Thursday, July 15, 2010

Alex J. Chávez

Alex J. Chávez was born two miles east of Capulin, Colo., on November 9 (1922 according to his obituary, 1923 as noted on his album covers). He attended La Jara High School - six years ahead of Dorthy Sowards

After graduation, he would spend World War II serving three years in the United States Army, with the Seventh Army Headquarters.

Upon return to the United States, he attended the University of DePaul in Chicago, and received his Master's Degree in music from the University of Colorado, Boulder.

Accompanied by his second wife Virginia ("Ginger") Stoudt Chávez (whom he married 1954), he moved to New Mexico, and began teaching choral music in the Albuquerque ISD, including Sandia High School.

As a regular at the Three Cities of Spain restaurant in Santa Fe, and the New Mexico Folklore Society, he would entertain audiences with the Mexican-American folk songs of his upbringing in the San Luis Valley.

In 1965 he financed and recorded his first LP, El Testamento - Spanish Folk Music of Northern New Mexico and Southern Colorado (Century Custom Records 22376), a collection of 14 traditional songs of the region.


"I believe this song to have originated in the San Luis Valley; specifically southern Colorado, because this is an area in which it is the most familiar to the people; also because researchers dealing with Spanish music of New Mexico origin do not number this among their collections." - El Testamento liner notes.

During this period of his life, Chávez would go on to perform at the Smithsonian Folklife Festival in Washington D.C., as well as the Scottsdale Folk Festival - he also earned the coveted National Folk Association Burl Ives Award.

Leaving the Albuquerque School District, he took a position as the Assistant Professor of the Music Department at the University of New Mexico. In 1971 he recorded his second LP, Duermete Nino (Custom 39908). Pictured with two of his children and his wife Virginia on the album cover, his second effort has more of a family feel, with play songs and lullabies.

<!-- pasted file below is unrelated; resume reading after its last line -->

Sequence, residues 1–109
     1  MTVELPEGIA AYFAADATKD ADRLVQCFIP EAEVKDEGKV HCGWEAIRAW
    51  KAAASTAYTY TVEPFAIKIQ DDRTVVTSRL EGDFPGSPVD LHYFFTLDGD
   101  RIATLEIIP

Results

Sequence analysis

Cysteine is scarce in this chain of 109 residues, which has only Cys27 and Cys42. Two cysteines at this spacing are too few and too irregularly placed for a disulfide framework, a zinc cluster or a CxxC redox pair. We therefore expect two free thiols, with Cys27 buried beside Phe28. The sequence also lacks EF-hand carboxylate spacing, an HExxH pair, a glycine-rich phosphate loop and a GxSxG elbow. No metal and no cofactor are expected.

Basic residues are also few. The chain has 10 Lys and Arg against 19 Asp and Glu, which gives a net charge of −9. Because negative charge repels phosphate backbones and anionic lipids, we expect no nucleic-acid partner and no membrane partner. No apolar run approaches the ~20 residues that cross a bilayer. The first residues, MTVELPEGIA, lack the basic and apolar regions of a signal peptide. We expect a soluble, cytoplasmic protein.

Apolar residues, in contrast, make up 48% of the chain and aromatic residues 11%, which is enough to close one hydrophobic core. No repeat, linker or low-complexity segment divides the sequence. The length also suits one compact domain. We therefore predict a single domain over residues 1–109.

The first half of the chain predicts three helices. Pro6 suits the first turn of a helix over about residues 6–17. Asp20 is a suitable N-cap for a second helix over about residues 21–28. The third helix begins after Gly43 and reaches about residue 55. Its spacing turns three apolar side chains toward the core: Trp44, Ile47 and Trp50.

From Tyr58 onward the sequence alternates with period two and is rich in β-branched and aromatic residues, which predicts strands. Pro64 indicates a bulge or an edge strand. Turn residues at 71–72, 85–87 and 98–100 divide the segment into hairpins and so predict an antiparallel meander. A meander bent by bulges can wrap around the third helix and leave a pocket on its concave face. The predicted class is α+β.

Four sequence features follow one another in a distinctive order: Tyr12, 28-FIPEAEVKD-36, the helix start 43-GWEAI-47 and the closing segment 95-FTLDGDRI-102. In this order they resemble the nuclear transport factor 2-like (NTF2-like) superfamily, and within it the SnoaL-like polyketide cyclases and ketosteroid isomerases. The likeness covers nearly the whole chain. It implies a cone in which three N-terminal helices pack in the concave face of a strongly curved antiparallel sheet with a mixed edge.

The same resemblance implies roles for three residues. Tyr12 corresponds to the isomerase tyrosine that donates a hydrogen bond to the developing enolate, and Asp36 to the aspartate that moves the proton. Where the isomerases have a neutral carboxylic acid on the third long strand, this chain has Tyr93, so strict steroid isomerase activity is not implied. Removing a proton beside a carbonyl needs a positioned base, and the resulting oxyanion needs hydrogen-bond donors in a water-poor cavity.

Chávez and his wife Virginia often appeared together during performances. Virginia Chávez , who was an English and speech major, would provide narrative background and translation during her husband's concerts.

Chávez, who fathered eight daughters and two sons, would retire to Ocean Springs, Mississippi in 1997. He remained active in his church choir.

He died June 20, 2007. He was 84.

El Testamento - Spanish Folk Music of Northern New Mexico and Southern Colorado has been recently remastered and made available on compact disc, through the University of New Mexico.

COMING NEXT POST: Norbie Larsen

2 comments:

  1. Alex Chavez was my choir teacher and friend at Sandia High School in Albuquerque, NM, 1962-66. He had a great influence on my love of music and even today the music we sang then includes many of my favorites. Although I had an electric guitar, he often loaned me his Martin acoustic guitar to perform at the school and elsewhere. It was a privledge to know him and I think of him often. Tom Jemison, Littleton, CO

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  2. Yes, I too was very fond of Mr. Chavez during my years at Sandia 68-71. I remember singing in The Continental's and doing Onconglomeration those three years and making Honor Choir along with NM Allstate Choir. What memories I have of my favorite high school music teacher.

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